Though the New York Yankees still aren’t entirely sure what Gleyber Torres is, you’d have to be a fool to call shortstop an issue for this team moving forward.
Assuming they can complete the easy task of picking Torres up and putting him down somewhere else, the Bombers already possess an embarrassment of future riches at the position.
Heading into 2021, Oswald Peraza seemed like the most likely young Yankee to break into top prospect lists, and he’s certainly made his move with a rock-solid campaign across multiple levels (.292 average, .831 OPS, 13 homers, 30 stolen bases while reaching Double-A). However, he’s shockingly been … lapped by 2019 first-round selection Anthony Volpe, who might be the most impressive breakout prospect in all of baseball.
Volpe, who now outranks Jasson Dominguez on MLB Pipeline’s top prospects list, has made it to High-A as a 20-year-old with stunning numbers, notching 20 dingers, 71 RBI, a 1.049 OPS and 28 stolen bases of his own. What is this sorcery?
Oh, yeah, and on top of that, it appears the Yankees are finally, officially, nearly on the verge of adding the consensus No. 1 overall international prospect this season: a fella named Roderick Arias, who also happens to play shortstop.
He’s been called the surest thing since Wander Franco. Now how bullish are you on paying Trevor Story long-term? Still bullish, or no?
Yankees on verge of signing Wander Franco-esque Roderick Arias.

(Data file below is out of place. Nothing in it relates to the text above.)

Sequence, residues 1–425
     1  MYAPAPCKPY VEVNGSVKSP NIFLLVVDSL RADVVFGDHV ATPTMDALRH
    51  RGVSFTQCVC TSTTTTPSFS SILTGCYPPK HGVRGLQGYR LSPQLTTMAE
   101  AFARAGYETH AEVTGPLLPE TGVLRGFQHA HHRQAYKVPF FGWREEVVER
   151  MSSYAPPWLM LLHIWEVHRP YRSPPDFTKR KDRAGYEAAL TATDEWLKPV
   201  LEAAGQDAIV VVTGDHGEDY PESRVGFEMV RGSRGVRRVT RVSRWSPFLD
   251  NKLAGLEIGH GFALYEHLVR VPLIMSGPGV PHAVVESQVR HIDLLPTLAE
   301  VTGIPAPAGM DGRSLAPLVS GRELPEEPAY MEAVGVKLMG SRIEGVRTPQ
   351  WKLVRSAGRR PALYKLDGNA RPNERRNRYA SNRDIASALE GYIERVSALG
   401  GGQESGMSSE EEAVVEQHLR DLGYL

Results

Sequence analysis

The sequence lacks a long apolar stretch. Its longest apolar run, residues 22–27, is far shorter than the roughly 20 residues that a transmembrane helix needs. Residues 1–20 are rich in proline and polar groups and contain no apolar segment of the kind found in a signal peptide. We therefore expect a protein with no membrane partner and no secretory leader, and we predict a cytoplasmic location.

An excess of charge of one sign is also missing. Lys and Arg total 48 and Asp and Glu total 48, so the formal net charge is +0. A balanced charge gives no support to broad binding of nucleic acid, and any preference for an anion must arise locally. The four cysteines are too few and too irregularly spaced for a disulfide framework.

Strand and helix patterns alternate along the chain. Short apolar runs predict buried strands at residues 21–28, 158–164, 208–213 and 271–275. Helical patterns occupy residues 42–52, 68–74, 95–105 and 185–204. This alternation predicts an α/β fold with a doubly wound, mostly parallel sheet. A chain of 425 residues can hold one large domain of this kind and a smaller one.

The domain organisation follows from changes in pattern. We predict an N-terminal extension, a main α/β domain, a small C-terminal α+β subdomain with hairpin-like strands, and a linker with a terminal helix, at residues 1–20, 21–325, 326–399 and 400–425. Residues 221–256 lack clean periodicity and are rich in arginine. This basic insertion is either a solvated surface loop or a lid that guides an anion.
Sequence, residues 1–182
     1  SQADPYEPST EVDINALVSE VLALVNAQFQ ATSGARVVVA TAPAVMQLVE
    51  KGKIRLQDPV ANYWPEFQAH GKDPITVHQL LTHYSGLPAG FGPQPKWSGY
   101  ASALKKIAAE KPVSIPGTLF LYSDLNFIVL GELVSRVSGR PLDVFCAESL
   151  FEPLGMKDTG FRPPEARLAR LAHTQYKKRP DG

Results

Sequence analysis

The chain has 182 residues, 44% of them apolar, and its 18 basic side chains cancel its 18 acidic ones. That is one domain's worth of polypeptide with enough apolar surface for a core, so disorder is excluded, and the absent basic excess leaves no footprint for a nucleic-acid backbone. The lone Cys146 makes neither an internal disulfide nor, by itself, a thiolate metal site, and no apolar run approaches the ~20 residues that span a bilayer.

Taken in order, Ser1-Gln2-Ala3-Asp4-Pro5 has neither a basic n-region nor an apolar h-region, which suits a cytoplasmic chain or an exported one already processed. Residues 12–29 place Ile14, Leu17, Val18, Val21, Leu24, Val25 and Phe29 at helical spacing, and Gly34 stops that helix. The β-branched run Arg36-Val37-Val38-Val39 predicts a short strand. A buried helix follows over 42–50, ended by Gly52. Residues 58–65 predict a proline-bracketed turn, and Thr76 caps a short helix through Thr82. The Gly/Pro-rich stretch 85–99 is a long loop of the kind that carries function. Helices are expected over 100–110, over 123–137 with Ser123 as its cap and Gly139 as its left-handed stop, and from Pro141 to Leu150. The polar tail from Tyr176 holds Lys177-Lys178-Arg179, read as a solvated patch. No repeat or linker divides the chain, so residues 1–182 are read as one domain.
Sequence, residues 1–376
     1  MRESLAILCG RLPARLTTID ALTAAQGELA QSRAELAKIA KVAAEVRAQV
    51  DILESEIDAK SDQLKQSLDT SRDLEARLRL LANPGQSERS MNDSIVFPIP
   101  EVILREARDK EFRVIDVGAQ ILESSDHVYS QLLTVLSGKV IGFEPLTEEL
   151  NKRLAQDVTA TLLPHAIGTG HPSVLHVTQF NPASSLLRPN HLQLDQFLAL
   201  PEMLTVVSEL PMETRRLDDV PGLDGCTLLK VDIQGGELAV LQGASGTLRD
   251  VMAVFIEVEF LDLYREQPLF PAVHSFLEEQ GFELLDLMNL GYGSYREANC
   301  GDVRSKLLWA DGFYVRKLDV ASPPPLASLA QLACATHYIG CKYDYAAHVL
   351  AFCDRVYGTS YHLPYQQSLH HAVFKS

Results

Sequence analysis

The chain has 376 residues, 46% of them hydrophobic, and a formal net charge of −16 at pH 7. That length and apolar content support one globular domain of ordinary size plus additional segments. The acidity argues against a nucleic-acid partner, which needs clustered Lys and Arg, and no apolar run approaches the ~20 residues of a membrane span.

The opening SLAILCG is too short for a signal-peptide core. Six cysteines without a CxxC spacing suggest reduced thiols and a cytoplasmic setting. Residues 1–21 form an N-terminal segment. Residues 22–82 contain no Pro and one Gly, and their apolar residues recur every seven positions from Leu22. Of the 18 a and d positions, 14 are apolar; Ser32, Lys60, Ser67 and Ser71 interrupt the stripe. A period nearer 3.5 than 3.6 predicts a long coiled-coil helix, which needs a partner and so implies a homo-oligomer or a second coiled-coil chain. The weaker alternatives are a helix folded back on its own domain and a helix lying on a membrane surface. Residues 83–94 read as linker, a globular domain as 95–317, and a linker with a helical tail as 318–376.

If and when the Yankees secure Arias’ services, they’ll basically be getting an infield version of Jasson Dominguez, and plopping him in at a position manned by Torres, Peraza, Volpe, and top-10 prospect (and 2021 first-rounder) Trey Sweeney.
Let’s say one has to move. Let’s say two or three have to move! Things have never looked stronger at the position in the pipeline since No. 2, Derek Jee-tah, No. 2, made the 1996 Opening Day roster.
And even then, there was nobody of note behind him.
You don’t draft or sign for need, though. You add the best talent available, and when that talent is as spectacularly talented as Roderick Arias, you work that deal all the way to the finish line. A prototypical Yankee already, he’s a five-tool talent, but the bat is the tool that seems to be overwhelming scouts everywhere.
Now, before we get ahead of ourselves: yes, the Yankees still need to plug the shortstop hole this offseason, preferably with a competent fielder who could potentially stick somewhere else long-term. Corey Seager could be especially intriguing for that reason; eventually, he moves to third, Torres to second, LeMahieu roves around the diamond, and Volpe/Peraza step in.
Don’t ignore top free agent talent just because the pipeline’s full.
With that foolishness out of the way, though … it’s fair to get excited. This is the type of star power overload that allows you to sweeten the Joey Gallo pot with Josh Smith, for example, who’s already standing out in the Rangers system, but would be buried here. Get good players, figure out the next steps later.
Once Arias’ arrival becomes official, the next generation of Yankees baseball will be astoundingly ready to compete.